A curb on oil exports could plunge Iran’s ailing economy into crisis. Prior to the August sanctions, Tehran had threatened to close the Strait of Hormuz, a major shipping lane for western-bound Gulf oil. While it could yet carry out its threat after this month’s measures are imposed, such an act would lead to a huge escalation in tensions with Washington, which the Iranians would probably not want. A seemingly more likely form of retaliation would be destructive cyberattacks against the US and its allies in the Middle East.
Spear-phishing surge in July

FireEye reportedly said that it had seen a surge in the number the spear-phishing emails targeting their clients in July, shortly before the first batch of snapback sanctions. It said that there were a number of signs that they were the work of hackers aligned with Tehran, including the use of Iranian hosting companies and links to an institute believed to play an important role in the regime’s cyber operations, according to media reports.

Speaking to journalists in Dubai in September, Alister Shepherd, an executive at a consulting arm of FireEye, was quoted in the regional newspaper the National as saying it was possible that APT33 was using the spear-phishing emails “to facilitate the theft of intellectual property or to subsequently cause disruption in retaliation to the sanctions”. The Associated Press news agency quoted Shepherd pointing out that “whenever we see Iranian threat groups active in the region, particularly in line with geopolitical events, we have to be concerned that they may be engaged in, or pre-positioning for, a disruptive attack”.

A destructive attack would not be unprecedented. In August 2012, in possible retaliation for an earlier cyber sabotage of its nuclear facilities, suspected Iranian hackers destroyed data on thousands of Saudi Aramco’s computers. Not long after, the hackers are thought to have conducted a similar attack on the the Qatari natural gas producer RasGas. At the time, Leon Panetta, then US Defence Secretary, described the targeting of the Saudi oil giant as probably the most destructive cyberattack on a private business.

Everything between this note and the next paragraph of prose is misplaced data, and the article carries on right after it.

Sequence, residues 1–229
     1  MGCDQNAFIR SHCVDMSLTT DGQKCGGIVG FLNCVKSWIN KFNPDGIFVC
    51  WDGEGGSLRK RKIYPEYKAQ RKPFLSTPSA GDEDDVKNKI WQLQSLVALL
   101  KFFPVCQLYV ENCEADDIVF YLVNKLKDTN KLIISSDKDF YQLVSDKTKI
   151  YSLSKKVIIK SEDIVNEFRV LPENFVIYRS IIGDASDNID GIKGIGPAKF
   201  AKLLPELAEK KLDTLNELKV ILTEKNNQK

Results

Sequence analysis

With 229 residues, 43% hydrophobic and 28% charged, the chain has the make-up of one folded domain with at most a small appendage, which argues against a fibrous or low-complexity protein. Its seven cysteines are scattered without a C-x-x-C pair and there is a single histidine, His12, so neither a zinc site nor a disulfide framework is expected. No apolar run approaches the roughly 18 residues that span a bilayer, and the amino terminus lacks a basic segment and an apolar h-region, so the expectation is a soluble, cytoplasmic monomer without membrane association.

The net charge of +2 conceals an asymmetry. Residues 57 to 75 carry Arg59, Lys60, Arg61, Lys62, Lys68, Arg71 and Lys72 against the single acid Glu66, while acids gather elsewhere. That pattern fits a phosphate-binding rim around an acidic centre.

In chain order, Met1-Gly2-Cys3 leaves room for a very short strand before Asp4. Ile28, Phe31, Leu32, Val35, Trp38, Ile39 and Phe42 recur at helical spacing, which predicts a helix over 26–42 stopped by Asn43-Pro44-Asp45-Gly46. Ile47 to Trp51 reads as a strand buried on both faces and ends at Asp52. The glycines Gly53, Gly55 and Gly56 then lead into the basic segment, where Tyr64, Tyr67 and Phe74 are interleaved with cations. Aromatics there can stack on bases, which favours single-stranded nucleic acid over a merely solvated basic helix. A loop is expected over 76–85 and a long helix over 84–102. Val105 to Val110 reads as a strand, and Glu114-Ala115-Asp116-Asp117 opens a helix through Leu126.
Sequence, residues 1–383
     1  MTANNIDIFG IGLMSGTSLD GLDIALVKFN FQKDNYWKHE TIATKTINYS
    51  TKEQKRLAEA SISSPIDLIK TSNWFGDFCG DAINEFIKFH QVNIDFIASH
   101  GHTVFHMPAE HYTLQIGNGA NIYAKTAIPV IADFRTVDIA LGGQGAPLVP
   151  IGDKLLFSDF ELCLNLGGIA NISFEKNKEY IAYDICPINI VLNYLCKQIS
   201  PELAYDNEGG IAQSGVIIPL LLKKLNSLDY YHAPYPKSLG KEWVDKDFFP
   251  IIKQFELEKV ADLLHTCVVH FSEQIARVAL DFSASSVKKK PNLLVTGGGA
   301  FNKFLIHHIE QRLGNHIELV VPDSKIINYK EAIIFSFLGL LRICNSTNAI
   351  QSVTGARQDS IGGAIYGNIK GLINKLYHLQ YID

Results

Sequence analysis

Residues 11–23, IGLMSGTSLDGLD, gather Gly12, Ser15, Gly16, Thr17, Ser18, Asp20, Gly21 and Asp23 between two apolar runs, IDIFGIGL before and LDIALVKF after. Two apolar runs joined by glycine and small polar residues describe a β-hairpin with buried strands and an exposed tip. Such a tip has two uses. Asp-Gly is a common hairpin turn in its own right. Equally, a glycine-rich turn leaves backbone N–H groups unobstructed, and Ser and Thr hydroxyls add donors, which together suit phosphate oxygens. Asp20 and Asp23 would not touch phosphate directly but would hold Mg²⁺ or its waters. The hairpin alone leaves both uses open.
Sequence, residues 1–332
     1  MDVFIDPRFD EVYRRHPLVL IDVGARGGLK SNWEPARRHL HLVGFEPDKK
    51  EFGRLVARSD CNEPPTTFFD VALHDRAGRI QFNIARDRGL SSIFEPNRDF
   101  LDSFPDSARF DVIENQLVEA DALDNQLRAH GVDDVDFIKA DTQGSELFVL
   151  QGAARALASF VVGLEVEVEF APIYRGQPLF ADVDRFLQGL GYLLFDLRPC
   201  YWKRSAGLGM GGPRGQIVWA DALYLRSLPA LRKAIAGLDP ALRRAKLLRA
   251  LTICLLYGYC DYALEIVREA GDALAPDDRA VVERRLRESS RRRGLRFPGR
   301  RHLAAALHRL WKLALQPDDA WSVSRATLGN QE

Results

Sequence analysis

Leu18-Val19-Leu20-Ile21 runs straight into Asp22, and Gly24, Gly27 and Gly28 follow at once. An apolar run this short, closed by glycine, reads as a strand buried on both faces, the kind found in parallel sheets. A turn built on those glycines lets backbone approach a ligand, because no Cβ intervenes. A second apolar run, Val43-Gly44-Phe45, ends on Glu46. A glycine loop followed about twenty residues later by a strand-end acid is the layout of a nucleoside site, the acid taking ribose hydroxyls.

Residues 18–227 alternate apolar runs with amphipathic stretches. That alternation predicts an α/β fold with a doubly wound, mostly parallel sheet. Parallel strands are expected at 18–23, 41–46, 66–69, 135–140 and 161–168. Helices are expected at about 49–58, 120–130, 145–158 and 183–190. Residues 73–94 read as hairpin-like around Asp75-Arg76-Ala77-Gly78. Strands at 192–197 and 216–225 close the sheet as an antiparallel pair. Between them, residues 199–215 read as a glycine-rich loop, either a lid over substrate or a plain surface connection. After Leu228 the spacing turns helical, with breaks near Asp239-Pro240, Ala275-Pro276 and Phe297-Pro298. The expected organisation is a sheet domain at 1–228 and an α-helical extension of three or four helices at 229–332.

Gulf firms are a soft target for hackers

Then, towards the end of 2016, the virus used in the Aramco incident reappeared in an updated form, destroying Saudi government and private sector databases and files, in apparent retaliation for the kingdom’s interventions in the Syrian and Yemeni conflicts, according to a report by the Carnegie Endowment for International Peace.

The Economist Intelligence Unit (EIU) says with the emergence of digitisation in Gulf Cooperation Countries (GCC), business and government online services in the region have become more vulnerable to cyberattacks. “GCC states have invested in cyber security, but in most member states these have not been sufficient to tackle the growing number and frequency of cyber attacks,” it said in a report in April.

An industry survey conducted in late 2016 suggested that Gulf firms are a ‘soft target’ for hackers. In its recent report, the EIU noted Saudi Arabia has yet to upgrade its cyber security and related technology to global standards. The Unit said the kingdom scored poorly on its 2018-19 measure of cyber preparedness in the GCC. At a time when tensions with Iran are high, this may prove to be a serious oversight.

Yigal Chazan is head of content at Alaco, a London-based business intelligence consultancy.Business Insider · by Alaco · November 4, 2018